body, position a catheter or needle for a procedure, or realign a broken
Applications for X-Ray Imaging and Fluoroscopy
Bone X-rays: Probably the most common use of
X-ray imaging is to assist the physician in identifying and
treating bone fractures including the arms, legs, knees, wrists,
shoulders, spine and skull. Images of the injury can show even
very fine hairline fractures or bone chips, while images
produced after treatment ensure that a fracture has been
properly aligned and stabilized for healing. X-ray images can
also be used to diagnose and monitor the progression of
degenerative diseases such as arthritis.
Chest X-rays: A chest X-ray is usually done for
the evaluation of lungs, heart and chest wall. Pneumonia, heart
failure, emphysema, lung cancer and other medical conditions can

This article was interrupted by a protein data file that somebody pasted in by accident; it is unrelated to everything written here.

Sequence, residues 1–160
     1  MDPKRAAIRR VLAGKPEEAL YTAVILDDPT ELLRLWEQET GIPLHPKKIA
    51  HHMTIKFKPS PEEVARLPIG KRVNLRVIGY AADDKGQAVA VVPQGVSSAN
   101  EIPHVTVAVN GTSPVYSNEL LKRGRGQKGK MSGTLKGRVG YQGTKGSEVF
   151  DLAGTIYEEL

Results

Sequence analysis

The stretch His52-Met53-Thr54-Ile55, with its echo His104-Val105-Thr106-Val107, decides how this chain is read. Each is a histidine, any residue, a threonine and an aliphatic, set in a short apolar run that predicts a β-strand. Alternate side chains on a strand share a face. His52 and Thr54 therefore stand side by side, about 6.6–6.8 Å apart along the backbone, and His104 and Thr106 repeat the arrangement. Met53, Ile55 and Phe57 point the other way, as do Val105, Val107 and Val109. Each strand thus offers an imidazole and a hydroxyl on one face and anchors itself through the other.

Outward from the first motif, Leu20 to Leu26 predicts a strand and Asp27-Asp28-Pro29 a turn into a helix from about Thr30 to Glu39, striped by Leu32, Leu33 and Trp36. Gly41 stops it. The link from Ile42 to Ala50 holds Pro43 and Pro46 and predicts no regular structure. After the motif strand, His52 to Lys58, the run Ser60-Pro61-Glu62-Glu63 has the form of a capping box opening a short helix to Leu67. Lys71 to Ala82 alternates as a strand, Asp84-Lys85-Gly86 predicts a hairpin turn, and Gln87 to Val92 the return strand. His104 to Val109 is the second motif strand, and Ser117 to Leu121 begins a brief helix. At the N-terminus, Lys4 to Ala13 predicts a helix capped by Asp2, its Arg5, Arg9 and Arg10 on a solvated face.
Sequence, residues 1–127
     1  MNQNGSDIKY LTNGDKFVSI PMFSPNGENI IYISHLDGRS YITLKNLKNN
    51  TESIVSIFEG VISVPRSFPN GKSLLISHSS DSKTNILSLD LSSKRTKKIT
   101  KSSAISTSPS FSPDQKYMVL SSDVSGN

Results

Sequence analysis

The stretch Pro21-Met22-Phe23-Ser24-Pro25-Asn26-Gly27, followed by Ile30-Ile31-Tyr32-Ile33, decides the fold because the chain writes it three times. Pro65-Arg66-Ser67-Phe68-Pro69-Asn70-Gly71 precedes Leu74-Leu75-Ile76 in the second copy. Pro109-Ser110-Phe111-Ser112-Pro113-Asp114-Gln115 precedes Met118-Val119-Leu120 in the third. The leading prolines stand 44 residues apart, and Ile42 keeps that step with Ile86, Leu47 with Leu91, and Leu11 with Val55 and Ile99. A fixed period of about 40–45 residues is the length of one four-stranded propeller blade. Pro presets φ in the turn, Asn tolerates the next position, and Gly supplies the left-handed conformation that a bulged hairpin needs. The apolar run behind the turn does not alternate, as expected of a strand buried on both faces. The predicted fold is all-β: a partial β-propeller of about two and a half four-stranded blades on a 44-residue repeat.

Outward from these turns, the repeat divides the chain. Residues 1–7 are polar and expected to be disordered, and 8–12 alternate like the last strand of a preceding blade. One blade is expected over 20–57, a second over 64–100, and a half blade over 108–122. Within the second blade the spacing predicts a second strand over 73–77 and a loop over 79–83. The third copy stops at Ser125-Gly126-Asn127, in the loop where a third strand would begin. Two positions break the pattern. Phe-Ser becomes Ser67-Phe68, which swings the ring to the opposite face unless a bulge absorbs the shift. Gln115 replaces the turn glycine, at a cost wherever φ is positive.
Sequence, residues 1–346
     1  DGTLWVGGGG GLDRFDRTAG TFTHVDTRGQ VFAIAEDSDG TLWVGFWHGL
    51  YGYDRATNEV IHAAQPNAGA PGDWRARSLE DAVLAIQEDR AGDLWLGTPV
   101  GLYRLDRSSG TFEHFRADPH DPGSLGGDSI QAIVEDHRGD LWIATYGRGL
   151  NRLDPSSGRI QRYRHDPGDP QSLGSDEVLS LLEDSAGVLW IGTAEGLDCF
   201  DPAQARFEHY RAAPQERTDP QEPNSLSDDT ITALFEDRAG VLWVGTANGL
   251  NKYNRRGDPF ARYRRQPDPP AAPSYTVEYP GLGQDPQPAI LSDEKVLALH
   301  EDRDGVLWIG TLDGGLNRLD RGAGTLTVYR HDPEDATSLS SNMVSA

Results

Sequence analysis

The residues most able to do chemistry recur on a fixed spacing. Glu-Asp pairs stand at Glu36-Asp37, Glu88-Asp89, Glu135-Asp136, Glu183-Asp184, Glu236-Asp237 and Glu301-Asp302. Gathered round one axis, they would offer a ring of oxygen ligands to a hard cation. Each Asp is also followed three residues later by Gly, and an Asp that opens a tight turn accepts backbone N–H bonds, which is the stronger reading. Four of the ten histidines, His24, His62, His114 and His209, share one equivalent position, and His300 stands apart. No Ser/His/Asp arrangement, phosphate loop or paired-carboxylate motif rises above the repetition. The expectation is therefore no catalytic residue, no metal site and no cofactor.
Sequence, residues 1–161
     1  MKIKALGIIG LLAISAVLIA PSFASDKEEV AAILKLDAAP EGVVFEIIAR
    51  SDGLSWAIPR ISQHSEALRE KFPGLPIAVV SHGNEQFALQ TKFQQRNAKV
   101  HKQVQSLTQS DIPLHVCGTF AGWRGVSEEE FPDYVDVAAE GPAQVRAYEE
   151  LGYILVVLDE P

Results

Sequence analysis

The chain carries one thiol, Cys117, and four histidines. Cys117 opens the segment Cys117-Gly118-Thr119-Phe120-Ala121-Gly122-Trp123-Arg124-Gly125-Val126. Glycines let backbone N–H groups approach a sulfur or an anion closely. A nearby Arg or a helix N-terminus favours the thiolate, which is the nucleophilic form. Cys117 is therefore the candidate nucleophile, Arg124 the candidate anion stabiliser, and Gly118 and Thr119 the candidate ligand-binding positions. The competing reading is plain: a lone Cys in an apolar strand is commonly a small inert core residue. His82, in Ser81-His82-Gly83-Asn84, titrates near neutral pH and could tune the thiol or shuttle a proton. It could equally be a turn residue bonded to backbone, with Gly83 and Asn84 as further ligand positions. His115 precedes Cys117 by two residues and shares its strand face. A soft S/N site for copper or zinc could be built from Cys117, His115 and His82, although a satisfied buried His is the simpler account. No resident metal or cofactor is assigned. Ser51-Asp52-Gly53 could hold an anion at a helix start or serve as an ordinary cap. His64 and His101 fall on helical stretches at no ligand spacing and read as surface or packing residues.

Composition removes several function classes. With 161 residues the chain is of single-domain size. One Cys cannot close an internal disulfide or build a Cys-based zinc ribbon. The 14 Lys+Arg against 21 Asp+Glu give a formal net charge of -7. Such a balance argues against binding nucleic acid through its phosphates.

be accurately diagnosed or suspected through a chest X-ray.
Upper/Lower Gastrointestinal (GI) Series: An
Upper Gastrointestinal (GI) Series is an X-ray or fluoroscopic
examination of the esophagus, stomach and first part of the
small intestine (the duodenum). In order for these organs to
show up on radiographic images, patients are usually asked to
swallow a solution of baking soda crystals and a barium liquid
A Lower Gastrointestinal (GI) Series is an X-ray or fluoroscopic
evaluation of the large intestine (colon) and the rectum. To aid
in this examination, patients are given an enema of liquid
barium contrast solution. The barium coats the inside of the
rectum and colon, producing a sharp, well-defined image.
Both GI examinations are useful for looking for ulcers, benign